Using special lights, computer imaging and careful analysis, a UNL scholar and a team of scientists undid more than a century’s worth of damage and gave new life to a famous diary long thought lost to the elements of time.
The scholar, Adrian S. Wisnicki, and his team are now poised to take that work in new directions.
In 2009, Wisnicki was searching for information about Victorian explorers for his book and heard of a manuscript by David Livingstone, the famous 19th-century British explorer. The 1871 field diary was no longer legible; much of the handwriting was faded and written over the top of old newsprint and book pages.
But if transcribed, the diary could perhaps tell the whole story of how his famous meeting with Henry M. Stanley came to be -- along with the greeting, “Dr. Livingstone, I presume?,” -- which changed the tide of British settlements in Africa and led to the end of the Eastern African Slave Trade.
Through a process called spectral imaging, Wisnicki and a team of scientists, including Bill Christens-Barry of Equipoise Imaging and Roger Easton Jr. of the Rochester Institute of Technology, illuminated the words on the page, making them readable again. Spectral imaging is a process of photographing the manuscripts under wavelengths of varying light, starting with ultraviolet, moving through the visible color spectrum, and ending with infrared. The images are then processed to produce enhanced and legible manuscripts.
The diary manuscript and Wisnicki’s analysis were published in 2011, providing new insights into Livingstone and how his actions affected Africa as we know it. Livingstone witnessed an atrocity – the massacre of more than 400 people by slave traders – and his reports back to Great Britain sent shockwaves through the country and the East African slave trade was ultimately ended.
Through Livingstone’s account in his diary, Wisnicki learned that Livingstone’s followers may have played a much larger role in the massacre than previously thought. Subsequently he made additional discoveries, which were featured in “Secrets of the Dead,” a PBS program that aired March 26. The program is available online at http://video.pbs.org/video/2365208393/.
While producing the documentary, Wisnicki re-read much of the diary and through a new analysis found information that illuminates a previously unknown side of Livingstone.
“Re-reading the diary and thinking about it again, I discovered new details of what Livingstone did in the weeks leading up to the massacre and how the massacre fed into his actions,” he said. “It’s very different from past arguments we made. It casts Livingstone in a very different light. I would say these new revelations speak very much in Livingstone’s favor, but in a very unexpected way.”
Wisnicki, a faculty member at Indiana University of Pennsylvania while he worked on the 1871 field diary project, is now a fellow at UNL’s Center for Research in the Digital Humanities and assistant professor of English. Since arriving in Lincoln, he has begun work on two new, extensive digital research projects also focused on Livingstone.
Wisnicki had turned his attention to British explorers in Africa after combining two seemingly disparate research interests. He’d always been a scholar of Victorian literature, but after spending a year in Botswana, he wanted to find a way to study Africa as well.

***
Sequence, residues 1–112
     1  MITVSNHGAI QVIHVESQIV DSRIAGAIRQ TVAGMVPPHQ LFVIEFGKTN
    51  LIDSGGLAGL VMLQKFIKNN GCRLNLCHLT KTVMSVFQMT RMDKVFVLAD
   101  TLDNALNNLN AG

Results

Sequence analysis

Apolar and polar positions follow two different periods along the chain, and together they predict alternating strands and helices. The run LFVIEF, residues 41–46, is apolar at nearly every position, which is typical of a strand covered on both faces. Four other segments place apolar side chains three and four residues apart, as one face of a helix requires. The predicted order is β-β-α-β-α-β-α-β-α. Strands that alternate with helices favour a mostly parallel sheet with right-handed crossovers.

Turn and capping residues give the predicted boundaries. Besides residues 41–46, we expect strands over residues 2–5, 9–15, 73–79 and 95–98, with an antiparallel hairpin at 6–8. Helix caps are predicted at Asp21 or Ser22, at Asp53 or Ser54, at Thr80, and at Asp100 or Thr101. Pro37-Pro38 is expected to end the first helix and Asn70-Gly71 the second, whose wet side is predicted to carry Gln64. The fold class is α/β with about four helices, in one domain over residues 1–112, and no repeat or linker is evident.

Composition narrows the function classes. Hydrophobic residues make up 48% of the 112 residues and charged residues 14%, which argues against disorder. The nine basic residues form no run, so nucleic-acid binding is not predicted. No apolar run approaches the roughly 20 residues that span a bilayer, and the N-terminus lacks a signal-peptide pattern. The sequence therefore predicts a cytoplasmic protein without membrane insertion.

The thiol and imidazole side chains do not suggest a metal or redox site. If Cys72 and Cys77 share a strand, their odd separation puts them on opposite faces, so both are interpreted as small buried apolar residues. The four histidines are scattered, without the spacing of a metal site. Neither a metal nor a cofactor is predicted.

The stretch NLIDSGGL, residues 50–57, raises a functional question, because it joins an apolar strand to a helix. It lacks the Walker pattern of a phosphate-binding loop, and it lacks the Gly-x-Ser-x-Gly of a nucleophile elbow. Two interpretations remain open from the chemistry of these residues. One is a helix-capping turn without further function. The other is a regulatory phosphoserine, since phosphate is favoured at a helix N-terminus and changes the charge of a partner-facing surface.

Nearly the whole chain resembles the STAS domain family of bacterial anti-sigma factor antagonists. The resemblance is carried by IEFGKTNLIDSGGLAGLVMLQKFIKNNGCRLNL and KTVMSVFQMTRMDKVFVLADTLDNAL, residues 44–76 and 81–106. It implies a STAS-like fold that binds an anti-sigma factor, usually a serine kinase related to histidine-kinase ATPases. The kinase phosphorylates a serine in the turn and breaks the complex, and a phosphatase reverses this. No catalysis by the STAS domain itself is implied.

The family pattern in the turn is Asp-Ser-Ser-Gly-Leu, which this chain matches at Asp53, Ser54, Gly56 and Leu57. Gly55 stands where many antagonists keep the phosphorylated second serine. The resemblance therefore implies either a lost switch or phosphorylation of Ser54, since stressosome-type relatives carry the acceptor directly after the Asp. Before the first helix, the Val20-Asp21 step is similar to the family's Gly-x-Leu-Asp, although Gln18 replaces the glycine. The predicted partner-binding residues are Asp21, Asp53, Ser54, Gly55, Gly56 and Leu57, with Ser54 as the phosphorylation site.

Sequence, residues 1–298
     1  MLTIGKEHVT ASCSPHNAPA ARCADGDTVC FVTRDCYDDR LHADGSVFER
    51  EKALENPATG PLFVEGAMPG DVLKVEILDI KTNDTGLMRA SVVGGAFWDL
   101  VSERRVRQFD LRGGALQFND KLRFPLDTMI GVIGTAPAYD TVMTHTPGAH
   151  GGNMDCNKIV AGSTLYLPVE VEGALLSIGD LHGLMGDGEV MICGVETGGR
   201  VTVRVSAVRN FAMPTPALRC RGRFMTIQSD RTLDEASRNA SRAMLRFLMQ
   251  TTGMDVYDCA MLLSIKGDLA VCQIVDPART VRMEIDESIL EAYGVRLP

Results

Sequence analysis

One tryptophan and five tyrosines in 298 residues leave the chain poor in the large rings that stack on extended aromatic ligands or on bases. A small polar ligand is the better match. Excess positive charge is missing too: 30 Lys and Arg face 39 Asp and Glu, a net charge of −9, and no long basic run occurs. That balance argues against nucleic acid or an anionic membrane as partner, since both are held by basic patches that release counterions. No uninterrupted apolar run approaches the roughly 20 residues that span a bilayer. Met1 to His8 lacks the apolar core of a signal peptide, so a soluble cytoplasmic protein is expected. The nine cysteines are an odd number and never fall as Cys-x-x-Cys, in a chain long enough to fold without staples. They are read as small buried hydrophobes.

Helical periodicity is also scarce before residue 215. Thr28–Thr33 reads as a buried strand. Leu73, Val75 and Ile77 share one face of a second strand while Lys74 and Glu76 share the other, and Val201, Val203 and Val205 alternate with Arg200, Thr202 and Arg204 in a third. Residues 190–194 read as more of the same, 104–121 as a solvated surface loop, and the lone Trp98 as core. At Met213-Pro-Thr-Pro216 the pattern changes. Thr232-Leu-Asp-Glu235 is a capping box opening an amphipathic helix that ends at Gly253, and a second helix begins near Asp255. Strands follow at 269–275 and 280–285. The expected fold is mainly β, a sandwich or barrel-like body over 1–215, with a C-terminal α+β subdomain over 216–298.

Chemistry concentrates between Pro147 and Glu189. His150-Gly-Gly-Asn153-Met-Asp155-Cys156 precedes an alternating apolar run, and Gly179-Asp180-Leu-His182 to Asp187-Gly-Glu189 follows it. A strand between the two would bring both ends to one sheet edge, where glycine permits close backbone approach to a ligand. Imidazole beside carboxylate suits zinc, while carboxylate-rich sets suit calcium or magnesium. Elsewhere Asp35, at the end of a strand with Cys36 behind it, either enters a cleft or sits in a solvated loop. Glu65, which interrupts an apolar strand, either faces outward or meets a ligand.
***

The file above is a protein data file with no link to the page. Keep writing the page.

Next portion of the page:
“I asked myself how I could combine these two interests that look very different,” he said. “What I realized was that I could focus on 19th century Victorian travel in Africa because Victorians traveled and explored there often as they were establishing the empire.”
Through a grant from the National Endowment for the Humanities, Wisnicki and the same team of scientists that uncovered the spectral secrets of the 1871 diary are now starting work on a Livingstone field diary from 1870.
“The 1870 field diary was written in a similar manner as the 1871 field diary,” Wisnicki said. “But the 1870 diary is also a more complex document. As a result, working on this diary will allow us to take spectral image processing in innovative new directions.
“As before, all of our results will be released to the public for further study and analysis. Livingstone is a writer who never grows old, whose works continue to generate international interest. ”
Because Livingstone thoroughly chronicled his extensive journeys, his journals and letters are a valuable resource for 19th century African history in a number of areas.
“There’s geological data, cultural data, geographical data, astronomical data, zoological data – there’s all kinds of information there in these diaries, that when used in different ways, can tell us different things about the present, such as the erosion of waterways in Africa and even global climate change,” Wisnicki said.
Wisnicki also is leading an update of the digital home for Livingstone’s manuscripts Livingstone Online (livingstoneonline.org) by 2015. By the end of the three-year, NEH-funded project, more than 3,000 new manuscript images will be added from the National Library of Scotland and the David Livingstone Center in Glasgow to the site. The UCLA Digital Library will continue to host Livingstone Online, which will allow easy integration of data from future projects.
“We're developing it in a way that will balance the needs of academics with those of the general public,” he said. “Our work continues to attract a global audience, and we hope to use future phases of the project to expand the international collaboration that is a hallmark of our research.”
Wisnicki's future projects may include the application of 3D spectral imaging to study some of the cultural objects that Livingstone collected during his travels and collaboration with archives in South Africa and Zambia.